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科学家杂志: 七篇最热门的遗传学研究论文
发布者:admin 发布时间:2010-11-05 23:32:02 阅读:1373

By Alison McCook

Top 7 genetics papers

A snapshot of the highest-ranked articles in genetics and related areas in the past 30 days

[Published 2nd November 2010 01:40 PM GMT]

1. Mapping transcriptomes
While mapping every transcriptional start site and operon of Helicobacter pylori at single-nucleotide resolution, the authors identify novel small RNAs, reveal the widespread nature of antisense transcription, and unveil a new technique to investigate the genomic complexities of other important pathogens, such as Salmonella and Mycobacterium tuberculosis.

CM Sharma et al, Nature, 464:250-5, 2010. Evaluated by N. Ahmed, Institute of Life Sciences, India; M. Hensel, Friedrich-Alexander University Erlangen-Nuremberg (FAU); S. Ho Sui and F. Brinkman, Simon Fraser University; S. Vogt and T. Raivio, University of Alberta; A. Danielli and V. Scarlato, University of Bologna. Free F1000 Evaluation

2. Epigenetics in mind
The body's tendency to silence the expression of one parental allele in favor of the other -- a phenomenon known as genomic imprinting -- is much more widespread in the brain than scientists have believed, according to a new genome-wide study in mice. Surprisingly, more than 1300 genes expressed in the mouse brain appear to exhibit "parent-of-origin" epigenetic effects.

C. Gregg, et al., Science, 329:643-8, 2010. Evaluations by R. Sapolsky, Stanford University; ME Carter and L. de Lecea, Stanford University; J. Messing, Rutgers University; Y Ikeuchi and A Bonni, Harvard Medical School; D Sweatt, University of Alabama at Birmingham. Free F1000 Evaluation

3. Translation goes local
Protein synthesis is a complicated game, but for the first time researchers have shown direct interaction between a transmembrane receptor, called DCC, and the translational machinery in rodent neurons, a step that likely facilitates localized protein production.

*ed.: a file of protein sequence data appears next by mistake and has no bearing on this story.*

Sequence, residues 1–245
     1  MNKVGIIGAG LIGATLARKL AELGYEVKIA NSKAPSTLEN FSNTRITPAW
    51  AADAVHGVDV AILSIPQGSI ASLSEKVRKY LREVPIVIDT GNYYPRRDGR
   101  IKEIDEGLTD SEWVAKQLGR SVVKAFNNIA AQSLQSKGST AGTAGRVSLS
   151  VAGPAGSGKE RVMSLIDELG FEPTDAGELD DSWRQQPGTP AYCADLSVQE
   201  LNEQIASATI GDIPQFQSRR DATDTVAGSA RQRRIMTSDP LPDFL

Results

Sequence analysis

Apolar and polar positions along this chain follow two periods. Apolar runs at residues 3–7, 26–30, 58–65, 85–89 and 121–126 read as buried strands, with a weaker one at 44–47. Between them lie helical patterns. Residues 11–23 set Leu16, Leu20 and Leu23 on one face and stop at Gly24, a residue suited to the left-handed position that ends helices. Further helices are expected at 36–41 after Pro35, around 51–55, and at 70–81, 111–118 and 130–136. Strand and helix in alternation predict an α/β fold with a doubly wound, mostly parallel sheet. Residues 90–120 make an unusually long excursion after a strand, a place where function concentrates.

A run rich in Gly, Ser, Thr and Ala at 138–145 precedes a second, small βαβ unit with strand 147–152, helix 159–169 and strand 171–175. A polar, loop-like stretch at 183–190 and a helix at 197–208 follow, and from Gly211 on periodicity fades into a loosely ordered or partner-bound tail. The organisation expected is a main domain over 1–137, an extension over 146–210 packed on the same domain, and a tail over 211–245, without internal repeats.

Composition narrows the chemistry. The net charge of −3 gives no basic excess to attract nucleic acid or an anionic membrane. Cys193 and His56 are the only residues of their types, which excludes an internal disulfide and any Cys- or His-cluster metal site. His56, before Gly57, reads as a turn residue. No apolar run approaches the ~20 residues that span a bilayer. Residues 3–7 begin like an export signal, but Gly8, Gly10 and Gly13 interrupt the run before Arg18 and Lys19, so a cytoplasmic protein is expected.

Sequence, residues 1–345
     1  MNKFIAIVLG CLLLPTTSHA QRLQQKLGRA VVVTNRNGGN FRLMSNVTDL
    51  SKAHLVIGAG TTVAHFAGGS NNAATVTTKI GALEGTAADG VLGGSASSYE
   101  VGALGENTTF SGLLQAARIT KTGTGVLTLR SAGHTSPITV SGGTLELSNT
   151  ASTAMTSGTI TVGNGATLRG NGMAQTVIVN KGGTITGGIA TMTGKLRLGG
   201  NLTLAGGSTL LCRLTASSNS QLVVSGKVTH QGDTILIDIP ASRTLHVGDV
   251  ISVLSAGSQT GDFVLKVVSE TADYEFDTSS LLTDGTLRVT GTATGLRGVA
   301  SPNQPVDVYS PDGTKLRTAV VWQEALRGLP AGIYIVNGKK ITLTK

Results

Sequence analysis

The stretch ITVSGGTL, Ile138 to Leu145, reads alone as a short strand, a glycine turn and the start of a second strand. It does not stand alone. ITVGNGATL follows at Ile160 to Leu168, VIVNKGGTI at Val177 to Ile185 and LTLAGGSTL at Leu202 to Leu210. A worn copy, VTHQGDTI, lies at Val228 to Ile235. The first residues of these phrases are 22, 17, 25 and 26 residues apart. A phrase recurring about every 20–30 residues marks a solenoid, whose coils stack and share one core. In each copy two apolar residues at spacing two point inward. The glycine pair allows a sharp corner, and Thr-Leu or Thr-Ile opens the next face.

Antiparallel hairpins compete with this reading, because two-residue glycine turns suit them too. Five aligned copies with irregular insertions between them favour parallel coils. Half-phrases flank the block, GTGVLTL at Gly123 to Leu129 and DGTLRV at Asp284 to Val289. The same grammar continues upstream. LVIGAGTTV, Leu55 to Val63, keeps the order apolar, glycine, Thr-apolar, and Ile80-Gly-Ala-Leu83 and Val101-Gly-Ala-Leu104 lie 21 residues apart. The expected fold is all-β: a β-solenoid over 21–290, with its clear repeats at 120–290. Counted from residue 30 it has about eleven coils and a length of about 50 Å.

J. Tcherkezian, et al., Cell, 141:632-44, 2010. Evaluations by K Kwan and CB Chien, University of Utah; J Heraud and M Kiebler, Center for Brain Research, Medical University of Vienna, Austria; W Kroeze and B Roth, University of North Carolina; L Desgroseillers, University of Montreal, Canada; L Columbus, University of Virginia. Free F1000 Evaluation

4. No RNA "dark matter"?
Most of the DNA that's transcribed into RNA in fact codes for proteins, a finding that disputes previous studies that suggested that the majority of mammalian transcripts are non-coding "dark matter."

H. van Bakel et al. PLoS Biol, May; 8(5):e1000371, 2010. A Siepel, Cornell University; S Macdonald, University of Kansas; A Sellam and A Nantel, National Research Council of Canada; D Reines, Emory University School of Medicine.
Free F1000 Evaluation

5. Super E. Coli
The mother cell of E. coli maintains a constant growth rate throughout its replicative life (hundreds of cell divisions), despite accumulating damage and an increased probability of death, suggesting that growth and aging are decoupled, unlike all other studied aging models.

P. Wang et al., Curr Biol, 2010 May 26, 20:1099?1103. Evaluated by R Kishony, Harvard University; T Meier, Max Planck Inst Biophysics; Yves Barral, ETH. Free F1000 Evaluation

6. How autophagosomes form
Under conditions of starvation, autophagosomes form to resupply the cell by bringing nutrients from the cytosol or other organelles to the lysosomes, ensuring the cell's survival. New findings reveal an essential ingredient to this mysterious process: the outer membrane of mitochondria.

DW Hailey et al. Cell, 141:656-67, 2010. Evaluated by R Gross, University of Wuerzburg, Germany; M Markaki and N Tavernarakis, Foundation for Research and Technology-Hellas, Greece; Y Xiang and Y Wang, University of Michigan, E Lau and Z Ronai, The Burnham Institute. Free F1000 evaluation

7. New tumor targets?
A scan of 1800 megabases of DNA from 441 tumors reveals more than 2500 somatic mutations, providing the mutation "spectra" for cancers, including protein kinases and G-protein-coupled receptors, some of which may serve as druggable targets.
Z. Kan et al, Nature, 466:869-73, 2010. Evaluated by T Ried, National Cancer Institute; D Nierlich, University of California, Los Angeles; S Gutkind, National Institute of Dental and Craniofacial Research. Free F1000 evaluation

The F1000 Top 7 is a snapshot of the highest ranked articles from a 30-day period on Faculty of 1000 Genomics & Genetics, as calculated on October 28, 2010. Faculty Members evaluate and rate the most important papers in their field. To see the latest rankings, search the database, and read daily evaluations, visit http://f1000.com.

http://www.the-scientist.com/news/display/57794/
 
 

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